>> Jinsol Gukbap ์ง„์†”๊ตญ๋ฐฅ | Eat the World Los Angeles

Friday 5 August 2022

Jinsol Gukbap ์ง„์†”๊ตญ๋ฐฅ

West 3rd Street facade

๐Ÿ…ฟ️ Small lot in back, otherwise street parking when full
๐Ÿฅค Soju and Beer

The Google translation of jinsol is sincerity, although "Sincere Soup With Rice" may not quite handle the thoughtfulness of this restaurant's name in Korean. Once you are inside you will feel a sincerity in everything around you though; the welcome and care from the staff, the comforting nature of the interior design, and most of all the homemade delicious food.

The light wood panels and detailing of the shop keep everything warm and comfortable even in colder weather, the perfect place to enjoy gukbap. The style of gukbap (soup with rice) perfected here is the famous dwaeji gukbap from Busan, South Korea's second largest city. Koreans throughout the peninsula enjoy this long simmered pork soup during cold winter months, but in Busan restaurants serving the dish are open and patronized all year long even when temperatures are over 30°C in the city during summer months.

Dwaeji gukbap | ๋ผ์ง€๊ตญ๋ฐฅ

Surprisingly for such a diverse Koreatown, dwaeji gukbap ($15.95, above) is kind of hard to find and the city is lucky to have this specialist. The air conditioner works well enough that coming here even in August is not a bad idea because they make it so well and provide all the right add-ons to make the dish exactly as you wish.

That starts by adding at least a spoonful of saeu-jeot (์ƒˆ์šฐ์ “), tiny salted and fermented shrimp that are provided on every table. The pork bone broth of the soup is otherwise intentionally a bit bland, but all of its rich flavors hidden underneath are waiting to come out with the addition of this jeotgal. Like magic, the soup is instantly transformed as you stir this and the chili paste into the bowl.

Homemade salted shrimp

Make sure to dump in the entire plate of garlicky leeks that come with the dish, which are also coated with chili and give the soup a nice red-orange color. If it is your first time, the very friendly staff might even take your spoon and put everything in the soup the right way and make sure you mix very well. One or two stirs is definitely not enough, and they will make sure you do it right.

As mentioned gukbap is soup with rice, so you are of course served a nice round lump of purple rice to use as desired with the soup. On the banchan assortment, there are big chunks of raw onion and fermented soy bean paste called doenjang (๋œ์žฅ) which can all be combined with slices of pork to create strong tastes. The soup can be eaten on its own or upgraded with blood sausage (soondae) or a combination of pork ear, tongue, and stomach.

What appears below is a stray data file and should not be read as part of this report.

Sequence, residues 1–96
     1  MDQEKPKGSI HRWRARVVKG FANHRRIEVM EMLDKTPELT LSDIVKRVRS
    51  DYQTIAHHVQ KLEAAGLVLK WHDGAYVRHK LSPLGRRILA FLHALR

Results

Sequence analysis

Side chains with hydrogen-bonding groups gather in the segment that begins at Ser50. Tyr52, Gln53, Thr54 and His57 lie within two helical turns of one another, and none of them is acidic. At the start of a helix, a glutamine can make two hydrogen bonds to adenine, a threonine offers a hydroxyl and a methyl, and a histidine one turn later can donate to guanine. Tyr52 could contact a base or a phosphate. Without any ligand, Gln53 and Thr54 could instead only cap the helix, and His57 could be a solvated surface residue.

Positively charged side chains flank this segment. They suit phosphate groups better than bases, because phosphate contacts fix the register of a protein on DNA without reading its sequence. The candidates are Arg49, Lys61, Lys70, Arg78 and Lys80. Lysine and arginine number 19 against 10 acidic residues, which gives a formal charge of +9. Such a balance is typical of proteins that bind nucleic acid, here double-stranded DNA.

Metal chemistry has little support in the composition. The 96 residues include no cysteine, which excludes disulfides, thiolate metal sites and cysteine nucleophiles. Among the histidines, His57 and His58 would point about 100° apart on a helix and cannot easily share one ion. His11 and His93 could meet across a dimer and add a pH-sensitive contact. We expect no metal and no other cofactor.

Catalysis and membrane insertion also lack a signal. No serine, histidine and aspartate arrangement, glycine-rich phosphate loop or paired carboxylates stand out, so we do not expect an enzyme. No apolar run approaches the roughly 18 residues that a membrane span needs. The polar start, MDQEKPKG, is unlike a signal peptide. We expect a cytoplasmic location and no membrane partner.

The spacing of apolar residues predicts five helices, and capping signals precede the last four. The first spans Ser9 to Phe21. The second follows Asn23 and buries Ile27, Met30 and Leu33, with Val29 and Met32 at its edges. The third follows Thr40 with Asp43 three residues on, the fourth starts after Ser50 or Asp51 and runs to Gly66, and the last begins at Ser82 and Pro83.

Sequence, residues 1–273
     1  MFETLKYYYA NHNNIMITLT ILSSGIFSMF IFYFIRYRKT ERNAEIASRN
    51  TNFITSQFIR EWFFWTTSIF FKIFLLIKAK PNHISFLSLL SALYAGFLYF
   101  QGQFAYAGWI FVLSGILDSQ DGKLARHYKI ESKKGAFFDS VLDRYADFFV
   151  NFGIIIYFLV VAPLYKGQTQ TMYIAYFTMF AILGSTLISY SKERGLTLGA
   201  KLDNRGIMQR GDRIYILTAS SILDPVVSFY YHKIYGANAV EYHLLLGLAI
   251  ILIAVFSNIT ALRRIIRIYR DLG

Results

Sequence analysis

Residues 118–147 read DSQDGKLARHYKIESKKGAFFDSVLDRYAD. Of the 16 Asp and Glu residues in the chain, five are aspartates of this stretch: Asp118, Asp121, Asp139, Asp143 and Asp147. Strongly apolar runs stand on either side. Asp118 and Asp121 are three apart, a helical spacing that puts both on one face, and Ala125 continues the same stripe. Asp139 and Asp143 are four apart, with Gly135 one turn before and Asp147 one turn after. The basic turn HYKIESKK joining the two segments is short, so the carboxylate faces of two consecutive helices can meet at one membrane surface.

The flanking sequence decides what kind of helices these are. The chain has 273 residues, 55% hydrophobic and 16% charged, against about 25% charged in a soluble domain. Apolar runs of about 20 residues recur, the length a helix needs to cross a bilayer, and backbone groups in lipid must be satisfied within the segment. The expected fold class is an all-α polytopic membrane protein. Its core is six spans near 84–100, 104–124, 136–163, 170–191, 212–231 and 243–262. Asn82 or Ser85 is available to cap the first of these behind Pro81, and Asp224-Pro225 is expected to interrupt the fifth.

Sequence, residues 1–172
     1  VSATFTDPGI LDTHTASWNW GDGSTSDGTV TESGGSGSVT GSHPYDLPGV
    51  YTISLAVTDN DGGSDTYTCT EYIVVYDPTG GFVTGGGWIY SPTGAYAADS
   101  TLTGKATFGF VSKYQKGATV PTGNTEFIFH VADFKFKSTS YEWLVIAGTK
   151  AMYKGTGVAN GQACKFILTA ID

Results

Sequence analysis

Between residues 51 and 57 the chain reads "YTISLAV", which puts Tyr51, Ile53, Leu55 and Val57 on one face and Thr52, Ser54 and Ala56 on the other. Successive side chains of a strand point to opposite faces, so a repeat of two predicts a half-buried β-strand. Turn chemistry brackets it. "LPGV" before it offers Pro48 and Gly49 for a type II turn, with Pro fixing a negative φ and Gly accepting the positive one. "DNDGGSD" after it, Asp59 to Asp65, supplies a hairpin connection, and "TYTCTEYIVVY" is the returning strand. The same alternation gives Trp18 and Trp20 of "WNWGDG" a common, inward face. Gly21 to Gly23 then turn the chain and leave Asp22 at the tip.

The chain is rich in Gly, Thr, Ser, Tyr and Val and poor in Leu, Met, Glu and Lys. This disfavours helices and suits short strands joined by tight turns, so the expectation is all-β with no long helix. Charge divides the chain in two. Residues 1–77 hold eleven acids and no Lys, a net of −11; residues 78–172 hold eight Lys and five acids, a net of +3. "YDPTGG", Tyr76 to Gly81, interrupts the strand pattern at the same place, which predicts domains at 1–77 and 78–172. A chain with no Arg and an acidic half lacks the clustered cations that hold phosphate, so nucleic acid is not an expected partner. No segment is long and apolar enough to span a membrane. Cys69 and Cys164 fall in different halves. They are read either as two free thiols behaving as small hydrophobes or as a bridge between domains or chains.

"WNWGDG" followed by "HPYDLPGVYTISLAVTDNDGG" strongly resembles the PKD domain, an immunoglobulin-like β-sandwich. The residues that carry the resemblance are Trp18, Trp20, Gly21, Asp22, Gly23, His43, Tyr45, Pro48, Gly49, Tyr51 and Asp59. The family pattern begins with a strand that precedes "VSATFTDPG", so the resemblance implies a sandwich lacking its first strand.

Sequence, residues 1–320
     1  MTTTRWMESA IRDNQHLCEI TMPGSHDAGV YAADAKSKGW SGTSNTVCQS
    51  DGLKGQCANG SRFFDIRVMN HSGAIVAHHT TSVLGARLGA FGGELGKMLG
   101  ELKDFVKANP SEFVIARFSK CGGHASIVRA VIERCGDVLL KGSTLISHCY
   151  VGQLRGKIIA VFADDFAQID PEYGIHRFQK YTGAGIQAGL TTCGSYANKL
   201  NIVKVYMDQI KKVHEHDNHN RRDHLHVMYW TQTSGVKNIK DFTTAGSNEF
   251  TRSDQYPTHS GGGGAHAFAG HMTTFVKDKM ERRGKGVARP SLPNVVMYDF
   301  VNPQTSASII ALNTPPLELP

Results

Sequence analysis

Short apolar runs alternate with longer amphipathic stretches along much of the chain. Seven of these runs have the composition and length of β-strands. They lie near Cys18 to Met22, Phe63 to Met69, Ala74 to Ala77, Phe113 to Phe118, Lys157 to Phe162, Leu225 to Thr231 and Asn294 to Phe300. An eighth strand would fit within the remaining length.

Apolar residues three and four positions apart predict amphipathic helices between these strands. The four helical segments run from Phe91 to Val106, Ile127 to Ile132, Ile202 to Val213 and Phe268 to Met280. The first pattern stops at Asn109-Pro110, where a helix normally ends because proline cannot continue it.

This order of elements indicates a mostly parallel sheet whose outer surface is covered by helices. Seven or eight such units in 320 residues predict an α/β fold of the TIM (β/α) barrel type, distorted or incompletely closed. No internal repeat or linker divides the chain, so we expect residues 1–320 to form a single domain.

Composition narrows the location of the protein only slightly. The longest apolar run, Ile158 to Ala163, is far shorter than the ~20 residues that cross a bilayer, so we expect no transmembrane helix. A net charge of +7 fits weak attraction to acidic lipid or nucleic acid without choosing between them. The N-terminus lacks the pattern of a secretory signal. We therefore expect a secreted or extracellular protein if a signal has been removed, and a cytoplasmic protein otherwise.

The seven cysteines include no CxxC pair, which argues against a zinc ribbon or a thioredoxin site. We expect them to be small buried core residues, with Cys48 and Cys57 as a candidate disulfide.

Dwaeji gukbap | ๋ผ์ง€๊ตญ๋ฐฅ mixed with all sides and salted shrimp
Dwaeji gukbap with everything added and stirred well.

Having good cold noodle options is tremendously important during summer months, so one of the two on offer at Jinsol Gukbap needed to be sampled. You can get them alone or as a combo with a plate of galbi as standard. Despite looking fresh and being on plenty of other tables, the bibim naengmyeon ($16.95, below) just was not full of amazing fiery and fresh tastes as desired.

The noodles themselves are also a bit sad and nothing like the fresh ones made at nearby Ham Hung, still the favorite location to eat the North Korean specialty. Make things a little better by squirting in plenty of the hot mustard provided with the cold noodle dishes, and combine it with bites of the superbly crisp kimchi and other vegetable banchan.

Bibim naengmyun ๋ƒ‰๋ฉด

Stick to some of their large format shareable dishes on second visits instead of the cold noodles, beginning of course with the awe inspiring jjimdak ($43, below). Be prepared for a thirty minute wait for this pot to arrive at the table, as it takes much longer to prepare than most of the other foods popular here. Originally from the central city of Andong, this stew of braised chicken and vegetables is probably meant for two people but will fill more like four.

There is definitely garlic, onions, and ginger found in the tastes, but the first and strongest thing you enjoy on your tongue is soy sauce. This is sweetened by what is almost a glaze by the long-cooked onions and a sprinkling of sesame seeds over the top. You can complement these by the crisp and sour banchan or white rice, but honestly it is almost perfect despite the sweetness.

Jjimdak ์•ˆ๋™์ฐœ๋‹ญ

The big pot is deep and comes out almost still boiling, so stir it all up to let some steam out and dig into the dish for noodles. They use exclusively dark meat still on the bones, chopped up into interesting cuts and delectably juicy. A few prunes are added to make everything even more sweet, but do not pass on these delicious fruits as you dig in.

You can also enjoy your dwaeji gukbap with a gigantic plate of pork belly if you come with a group, or order kimchi stew, spicy pigs feet, or naengchae jokbal, a large format plate of pigs feet in mustard sauce and cold jellyfish salad. The most popular shareable dish might be the plate of marinated spicy pork ribs, especially at lunch when they are offered at a deep discount on weekdays. Next time, for sure.


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